CHICAGO -- Andruw Jones wants to play another five years, bringing him to 20 seasons in the Majors. And he wants to stay with the White Sox, at least for the 2011 campaign.
The problem for Jones is that in order to produce optimum results, the veteran feels a need to get consistent at-bats. If the White Sox work out a deal for Manny Ramirez in the next three days, though, Jones won't be getting many at-bats in September, let alone worrying about next year.
That potential playing time change won't sway Jones' positive feelings about the organization presenting a chance to prove himself all over again this year.
"Hopefully, I can be here because we have good chemistry going," Jones told MLB.com. "You know, I would love to play more [this season], but I knew when I signed my contract here, I know what my role was going to be.
"I accepted it. I would like to be here again and be a part of the Chicago White Sox. Hopefully, we can finish strong and make the playoffs and get on a streak."
Jones reached base five times in Saturday's 12-9 loss to the Yankees, including his 18th home run, earning him another start Sunday afternoon, where he finished 1-for-4. His final 2010 numbers should end up slightly better than his .214 average, 17 home runs and 43 RBIs with Texas last year, but Jones has made a larger contribution with the White Sox.
His April offense helped the team survive early, and Jones clearly has shown how his defense has not fallen off in any of the three outfield spots.
"Last year, I didn't get a chance to be on the field. I didn't even play center field, the position I always play," Jones said. "Everybody knows me as playing defense.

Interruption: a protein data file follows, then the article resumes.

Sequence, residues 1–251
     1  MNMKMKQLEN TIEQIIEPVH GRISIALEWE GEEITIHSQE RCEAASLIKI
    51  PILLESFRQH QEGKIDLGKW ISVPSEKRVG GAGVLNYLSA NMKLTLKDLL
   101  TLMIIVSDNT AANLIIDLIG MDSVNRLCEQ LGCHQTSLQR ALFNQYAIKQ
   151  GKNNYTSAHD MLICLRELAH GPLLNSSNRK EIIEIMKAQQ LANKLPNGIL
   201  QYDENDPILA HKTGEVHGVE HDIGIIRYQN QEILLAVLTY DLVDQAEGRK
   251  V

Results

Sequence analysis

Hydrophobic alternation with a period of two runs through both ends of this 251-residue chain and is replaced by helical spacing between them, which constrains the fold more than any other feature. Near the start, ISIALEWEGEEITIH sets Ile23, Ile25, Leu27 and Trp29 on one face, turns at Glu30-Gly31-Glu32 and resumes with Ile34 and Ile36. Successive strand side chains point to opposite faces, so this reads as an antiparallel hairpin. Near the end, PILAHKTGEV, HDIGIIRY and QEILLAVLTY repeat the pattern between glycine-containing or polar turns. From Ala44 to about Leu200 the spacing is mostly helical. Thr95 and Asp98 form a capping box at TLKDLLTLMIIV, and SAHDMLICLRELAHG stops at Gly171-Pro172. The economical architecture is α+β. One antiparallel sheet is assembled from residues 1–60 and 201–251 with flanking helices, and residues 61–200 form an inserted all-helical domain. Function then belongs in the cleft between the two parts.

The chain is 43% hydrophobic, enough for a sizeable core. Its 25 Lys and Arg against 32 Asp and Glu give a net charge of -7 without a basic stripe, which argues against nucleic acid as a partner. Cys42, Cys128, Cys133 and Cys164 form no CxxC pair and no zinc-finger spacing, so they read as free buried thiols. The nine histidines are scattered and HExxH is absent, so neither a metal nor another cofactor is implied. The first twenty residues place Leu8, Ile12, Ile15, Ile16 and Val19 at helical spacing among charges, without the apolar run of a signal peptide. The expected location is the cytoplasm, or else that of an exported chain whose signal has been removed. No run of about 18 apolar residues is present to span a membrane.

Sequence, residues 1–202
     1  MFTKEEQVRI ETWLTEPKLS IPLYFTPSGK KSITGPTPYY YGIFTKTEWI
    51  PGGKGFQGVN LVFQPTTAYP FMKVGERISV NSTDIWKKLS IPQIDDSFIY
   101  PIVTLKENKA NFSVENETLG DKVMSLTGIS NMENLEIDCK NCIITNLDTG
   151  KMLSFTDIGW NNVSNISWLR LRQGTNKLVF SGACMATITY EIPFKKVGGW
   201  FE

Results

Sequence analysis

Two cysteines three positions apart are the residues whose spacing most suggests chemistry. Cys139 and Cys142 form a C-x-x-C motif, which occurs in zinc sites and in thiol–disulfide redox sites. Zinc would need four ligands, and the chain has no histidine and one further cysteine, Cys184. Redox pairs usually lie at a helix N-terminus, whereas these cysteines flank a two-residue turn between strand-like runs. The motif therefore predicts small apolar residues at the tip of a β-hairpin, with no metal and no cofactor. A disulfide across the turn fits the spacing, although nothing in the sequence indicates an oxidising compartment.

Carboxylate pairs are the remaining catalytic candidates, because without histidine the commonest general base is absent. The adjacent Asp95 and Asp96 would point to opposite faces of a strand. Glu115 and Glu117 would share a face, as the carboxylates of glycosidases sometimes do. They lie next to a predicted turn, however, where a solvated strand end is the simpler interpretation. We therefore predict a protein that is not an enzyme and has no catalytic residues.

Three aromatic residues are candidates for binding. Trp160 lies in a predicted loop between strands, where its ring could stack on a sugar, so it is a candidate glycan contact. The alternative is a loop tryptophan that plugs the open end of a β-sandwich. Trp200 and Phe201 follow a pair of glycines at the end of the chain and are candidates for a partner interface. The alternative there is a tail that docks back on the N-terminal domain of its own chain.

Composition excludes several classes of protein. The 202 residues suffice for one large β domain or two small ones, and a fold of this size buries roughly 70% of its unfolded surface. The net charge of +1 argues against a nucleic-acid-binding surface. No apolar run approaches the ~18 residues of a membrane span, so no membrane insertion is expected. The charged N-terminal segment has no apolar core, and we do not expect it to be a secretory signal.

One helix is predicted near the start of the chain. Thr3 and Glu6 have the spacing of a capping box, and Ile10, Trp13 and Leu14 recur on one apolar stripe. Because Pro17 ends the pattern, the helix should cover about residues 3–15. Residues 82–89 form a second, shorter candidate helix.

"There were a couple of big years I had, where I hit 40 or 50 home runs, and everybody was like, 'He's a home run hitter.' The main thing I do is being consistent throughout my career. I'm usually around .250 or .260, with 30 home runs and 100 RBIs. That's what I wanted to do. As injuries fall in and I'm not getting a chance to play consistently, the numbers drop.
"Everybody says he's getting old or he's losing it," said the 33-year-old Jones. "There are things you have to work on and try to get yourself more consistent. Hopefully when you get the opportunity to play, you can get back on that roll. But I'm looking for another five years, and if I play consistently, I should be where I want to be."
Fisk offers White Sox stretch advice
CHICAGO -- During his 24 big league seasons, Hall of Fame catcher Carlton Fisk reached the postseason with Boston in 1975 and with the White Sox in 1983. Fisk knows a thing or two about what a team needs to survive during the stretch run to the playoffs and gave this simple piece of advice to the 2010 White Sox.
Take care of your own business.
"You can't be looking too far ahead or look at the scoreboard to see what the Twins do," Fisk said. "But it's also an individual thing.
"Take care of your own business. If I do what I can do, be it [Paul] Konerko, A.J. [Pierzynski], [Alex] Rios, [Carlos] Quentin, all those guys, they take care of what they are supposed to do, then it all adds up to a nice team effort.
"That's just staying in the moment," Fisk said. "You get outside that, in any sport, you get too far down the road or too far into the next play, the play happening right now won't work."
Ozzie ejected, but eschews argument
CHICAGO -- White Sox manager Ozzie Guillen was ejected for the 24th time in his career and fifth this season when he argued a call made by first-base umpire Bob Davidson on a potential Brett Gardner double-play grounder in the ninth of Sunday's 2-1 loss to the Yankees. Actually, Guillen didn't do much arguing.
Guillen emerged from the dugout but was immediately waved off by Davidson. He threw his hands up in disgust and was ejected with his back turned to Davidson.